Sinn Féin should focus on a long-term strategy that will see them entirely sever the established political order.
The world has changed drastically in the month since the Irish General election for the 33rd Dáil Éireann. The coronavirus has ravished Europe and Asia. Pubs are closed, football is postponed, and school is effectively on ice throughout the nation.
Yet, Ireland still faces uncertainty in forming a new government. Sinn Féin's left-leaning political platform brought incredible success in a groundbreaking election. Still, they do not have the required eighty seats to form a government. Even if the two largest parties, Fianna Fáil (38 seats) and Sinn Féin (37 seats), could agree to an alliance, they would not reach the magic number.
In this time of uncertainty, Sinn Féin will have to plan out their next steps carefully. One option would be to play the long game by allowing Fine Gael and Fianna Fáil to form their government. This scenario may seem to defy logic at first; after all, Sinn Féin has the most votes in a split election, but it may be the best option in the face of Brexit and coronavirus disease.
At the moment, any coalition led by Sinn Féin would be doomed to fail. To achieve a relatively leftist agenda, they would have to rely on smaller parties, such as the Social Democrats, the Green Party, and People Before Profit, to make it close to the 80-seat margin. If this grand alliance could be formed, they would still need twelve of the nineteen independent candidates to join their side. This is too many cooks in the kitchen, and it would dilute the potency of Sinn Féin's political platform.
An alternative partnership between Sinn Féin and Fianna Fáil would cause more problems than it would solve. For example, Sinn Féin won more votes in the election, but Fianna Fail holds more seats. It would be difficult to determine the junior partner in such a government because both parties consider themselves the winner. The two parties could create a "rotating taoiseach," where each party takes turns leading the government, but this would likely result in a lack of practical implementation of Sinn Féin's policies.
Either option creates a weak government that cannot fulfill promises on issues such as housing, homelessness, healthcare, and a united Ireland. Sinn Féin would face backlash over such a failure, similar to that of Nick Clegg's Liberal Democrats after their fragile coalition with the Conservatives in Westminster.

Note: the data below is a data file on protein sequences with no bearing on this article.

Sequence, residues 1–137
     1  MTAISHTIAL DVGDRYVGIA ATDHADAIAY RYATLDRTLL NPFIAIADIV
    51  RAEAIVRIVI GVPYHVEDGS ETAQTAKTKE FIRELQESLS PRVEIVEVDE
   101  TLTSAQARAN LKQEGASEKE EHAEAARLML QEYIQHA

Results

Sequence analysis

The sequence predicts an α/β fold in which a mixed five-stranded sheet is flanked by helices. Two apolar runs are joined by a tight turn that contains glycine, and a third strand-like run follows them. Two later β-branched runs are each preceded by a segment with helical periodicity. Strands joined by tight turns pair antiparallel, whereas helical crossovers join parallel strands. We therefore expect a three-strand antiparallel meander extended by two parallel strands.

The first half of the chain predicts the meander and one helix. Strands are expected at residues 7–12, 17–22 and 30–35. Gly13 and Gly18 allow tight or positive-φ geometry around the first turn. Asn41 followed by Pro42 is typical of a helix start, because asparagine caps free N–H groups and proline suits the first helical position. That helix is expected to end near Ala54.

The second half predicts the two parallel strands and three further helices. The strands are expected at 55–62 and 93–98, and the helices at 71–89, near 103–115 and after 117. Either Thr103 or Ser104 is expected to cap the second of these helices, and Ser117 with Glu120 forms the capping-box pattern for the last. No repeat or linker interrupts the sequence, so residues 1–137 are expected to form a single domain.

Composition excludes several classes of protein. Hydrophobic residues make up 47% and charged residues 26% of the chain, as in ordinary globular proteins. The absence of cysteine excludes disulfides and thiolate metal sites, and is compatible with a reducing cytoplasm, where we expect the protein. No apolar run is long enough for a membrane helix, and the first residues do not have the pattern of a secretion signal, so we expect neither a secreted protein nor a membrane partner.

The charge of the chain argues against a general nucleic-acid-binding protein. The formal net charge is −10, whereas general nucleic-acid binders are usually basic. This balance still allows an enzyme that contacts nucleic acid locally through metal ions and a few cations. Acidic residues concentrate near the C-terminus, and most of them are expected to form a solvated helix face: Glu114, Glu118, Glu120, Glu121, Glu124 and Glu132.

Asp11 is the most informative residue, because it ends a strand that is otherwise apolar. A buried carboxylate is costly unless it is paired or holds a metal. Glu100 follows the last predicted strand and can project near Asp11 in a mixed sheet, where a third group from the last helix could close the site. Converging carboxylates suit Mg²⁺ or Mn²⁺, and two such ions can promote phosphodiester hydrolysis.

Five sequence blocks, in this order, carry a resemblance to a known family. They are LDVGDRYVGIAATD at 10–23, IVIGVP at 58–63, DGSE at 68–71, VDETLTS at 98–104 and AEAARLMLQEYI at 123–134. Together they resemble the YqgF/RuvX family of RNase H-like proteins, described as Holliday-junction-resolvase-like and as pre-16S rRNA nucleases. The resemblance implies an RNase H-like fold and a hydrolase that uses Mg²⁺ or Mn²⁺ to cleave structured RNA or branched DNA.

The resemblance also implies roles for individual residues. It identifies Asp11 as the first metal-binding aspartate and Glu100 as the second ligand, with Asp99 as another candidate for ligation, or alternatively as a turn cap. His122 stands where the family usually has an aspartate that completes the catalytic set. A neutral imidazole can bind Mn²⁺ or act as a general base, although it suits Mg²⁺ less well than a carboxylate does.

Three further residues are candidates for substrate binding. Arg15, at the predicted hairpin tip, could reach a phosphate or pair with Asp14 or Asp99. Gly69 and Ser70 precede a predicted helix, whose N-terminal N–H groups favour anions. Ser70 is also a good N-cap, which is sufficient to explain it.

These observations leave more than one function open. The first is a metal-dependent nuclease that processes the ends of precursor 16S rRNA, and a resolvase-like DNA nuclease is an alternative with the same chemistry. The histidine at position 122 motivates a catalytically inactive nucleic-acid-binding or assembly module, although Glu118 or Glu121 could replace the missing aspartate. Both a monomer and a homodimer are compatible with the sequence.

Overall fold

Instead, Sinn Féin should focus on a long-term strategy that will see them entirely sever the established political order. The party could allow Fianna Fáil and Fine Gael to form a center-right partnership. The two parties have held power in Ireland since the inception of the independent nation, but their popularity has waned due to austerity measures that hurt Ireland's most vulnerable. If Fianna Fáil and Fine Gael formed a government without Sinn Féin, they would prove themselves to be an "old boys club" that was willing to ignore the "democratic mandate of Sinn Féin."
Mary Lou Mcdonald, the leader of Sinn Féin, has already sowed the seeds of undermining a center-right coalition by stating "people voted for change and not a grand coalition between Fianna Fáil and Fine Gael." McDonald and her party could capitalize on the establishment's attempts to portray them as unfit radicals.
Fianna Fáil and Fine Gael continuously urged Sinn Féin to return to government in the North of Ireland during the Stormont crisis between 2017 and 2019. Yet, both parties now insist that Sinn Féin is unfit to govern in the South. This paradox could be exploited to demonstrate that the established elite dislike the idea of a "northern party" holding power "down here." McDonald could contend that Fianna Fáil and Fine Gael are effectively admitting the people in the North are second class citizens and alienating Irish Republicans in the South.
Moreover, Sinn Féin will likely benefit from journalists, politicians, and pundits unfairly portraying the party as a far-right anti-democratic machine. Ruth Dudley Edwards has likened Sinn Féin's rise "to that of Nazis in the 1930s." Unjust comparisons to the Nazis will make Sinn Féin more sympathetic. Despite Ruth Dudley Edwards' claims, Sinn Féin has been elected to seats in Stormont and Westminister for over twenty years. Sinn Féin is more akin to the African National Congress (ANC) under Nelson Mandela, who abandoned violence in favor of joining democratic institutions, than right-wing movements in Europe.